Boxer Rebellion Analysis

1173 Words 5 Pages
I. Anti-Imperialist uprisings in China had torn the country apart and the Boxer Rebellion initiated a nationalist movement against the invasion of foreigners and foreign dogmas during the Qing Dynasty. This text detailed the intricate origins this rebellion with explicit detail and support for its claims of origin. While this rebellion ended in the defeat of Chinese rebels because of the intervention of the Great powers , it remains an important part of Chinese nationalistic history.
The origins of this rebellion started as many others throughout history. Those impoverished and living in areas surrounded by banditry created the atmosphere for the Uprising. The author cited the most significant arguments for the origins of the rebellion as
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Esherick’s expositionary explanation of the origins fits the style of the text, since he intends to update the reader with information on Chinese spiritualism and geographical make-up which helped initiate the rebellion in the first place. His focus on the economic upheaval of China prior to the Boxer Uprising was an important note as well: “…It seems that these regions [Shangdong] lost crucial markets to foreign imports of cotton yarn and cloth, yet were just too isolated and too lacking in alternative resources to enjoy any of the simulative effects that the treaty port economies sometimes generated in their more immediate hinterlands…” (Jos.p72-73). Overall, Esherick’s text contained many criticisms to the Qing government, describing them as incompetent and largely unable to care for their people. In essence, although the spirit of the Boxers drove the rebels to fight against the foreign invaders it ultimately led to their downfall as even the most superstitious of Christian missionaries saw through the supposed invulnerability of Boxers channeling the spirits of their ancestors. While Christians brought military might to defeat them the Boxers relied too heavily on their traditions and died in the …show more content…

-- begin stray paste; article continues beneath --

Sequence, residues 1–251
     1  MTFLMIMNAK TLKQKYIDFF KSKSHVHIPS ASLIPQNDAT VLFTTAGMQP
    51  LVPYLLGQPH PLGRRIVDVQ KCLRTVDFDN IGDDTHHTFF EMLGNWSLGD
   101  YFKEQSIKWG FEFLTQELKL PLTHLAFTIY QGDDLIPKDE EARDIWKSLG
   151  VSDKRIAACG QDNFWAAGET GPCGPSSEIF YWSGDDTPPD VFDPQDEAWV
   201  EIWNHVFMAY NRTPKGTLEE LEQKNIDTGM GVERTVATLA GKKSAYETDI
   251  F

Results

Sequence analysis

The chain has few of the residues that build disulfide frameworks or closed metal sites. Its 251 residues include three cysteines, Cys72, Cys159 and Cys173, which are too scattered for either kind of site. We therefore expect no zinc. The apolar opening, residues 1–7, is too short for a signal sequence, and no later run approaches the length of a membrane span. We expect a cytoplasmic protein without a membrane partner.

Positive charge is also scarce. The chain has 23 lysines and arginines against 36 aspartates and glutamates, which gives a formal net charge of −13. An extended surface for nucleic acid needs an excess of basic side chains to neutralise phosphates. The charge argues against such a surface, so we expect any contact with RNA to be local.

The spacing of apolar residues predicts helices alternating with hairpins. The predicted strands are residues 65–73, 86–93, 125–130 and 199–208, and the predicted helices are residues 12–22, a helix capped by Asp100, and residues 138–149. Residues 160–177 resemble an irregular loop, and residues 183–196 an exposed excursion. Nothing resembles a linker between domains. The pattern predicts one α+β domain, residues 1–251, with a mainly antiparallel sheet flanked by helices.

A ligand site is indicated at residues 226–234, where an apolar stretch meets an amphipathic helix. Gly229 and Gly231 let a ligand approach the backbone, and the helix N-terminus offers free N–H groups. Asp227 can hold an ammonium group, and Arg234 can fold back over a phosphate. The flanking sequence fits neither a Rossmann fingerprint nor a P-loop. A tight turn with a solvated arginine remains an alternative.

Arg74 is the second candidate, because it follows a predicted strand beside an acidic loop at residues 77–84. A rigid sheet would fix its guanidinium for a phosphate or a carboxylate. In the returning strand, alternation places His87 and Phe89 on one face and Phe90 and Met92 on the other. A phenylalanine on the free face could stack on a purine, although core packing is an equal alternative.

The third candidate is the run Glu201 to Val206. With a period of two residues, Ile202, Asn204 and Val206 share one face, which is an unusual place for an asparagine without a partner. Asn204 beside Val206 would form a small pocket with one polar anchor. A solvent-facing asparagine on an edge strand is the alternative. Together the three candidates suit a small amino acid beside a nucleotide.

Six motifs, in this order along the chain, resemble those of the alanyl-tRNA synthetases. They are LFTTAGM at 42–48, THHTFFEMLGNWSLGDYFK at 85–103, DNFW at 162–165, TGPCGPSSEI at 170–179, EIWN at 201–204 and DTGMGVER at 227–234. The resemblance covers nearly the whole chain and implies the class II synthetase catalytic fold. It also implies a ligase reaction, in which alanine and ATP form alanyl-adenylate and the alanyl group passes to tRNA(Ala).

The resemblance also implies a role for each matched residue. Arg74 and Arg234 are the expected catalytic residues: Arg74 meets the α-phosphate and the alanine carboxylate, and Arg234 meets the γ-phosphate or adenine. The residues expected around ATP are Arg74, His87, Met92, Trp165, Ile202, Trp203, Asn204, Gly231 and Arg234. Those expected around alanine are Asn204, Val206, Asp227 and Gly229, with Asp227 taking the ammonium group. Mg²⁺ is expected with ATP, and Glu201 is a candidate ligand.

Lastly, this book had many qualities that improved my understanding of this event in Chinese history. The book tended to drag on with explicit details, but this way of writing supported the author’s intention to help the reader understand the entirety of the Uprising. First time readers of Chinese history may have a hard time digesting all of the information at once but this text is quite informative. Actually, the title of the book changed my conception of the event entirely. I have always heard this uprising and have always read it as the Boxer Rebellion. This title connotes negativity towards the Boxers and immediately describes them as a failed movement. Rebels fight against society, they are thuggish, brutish and only wish to dismantle orthodoxy in favor of heterodoxy. However, the simple change of Rebellion to Uprising has semantic and linguistic importance. A group of rebels may be active participants of an Uprising, but an uprising connotes positivity that suggests a group of people (as opposed to a rebellious mob) fighting against perceived oppression or invasion. In the context of Western thought the Civil War is a simply comparison. In modern American dialect, many refer to this event as the civil war, but during the war, more partisan descriptions for southerners included the “War for Southern Independence” or “The War of Northern Aggression”. These titles imply that the Southern Confederate states fought against the oppressive Northern States, instead of

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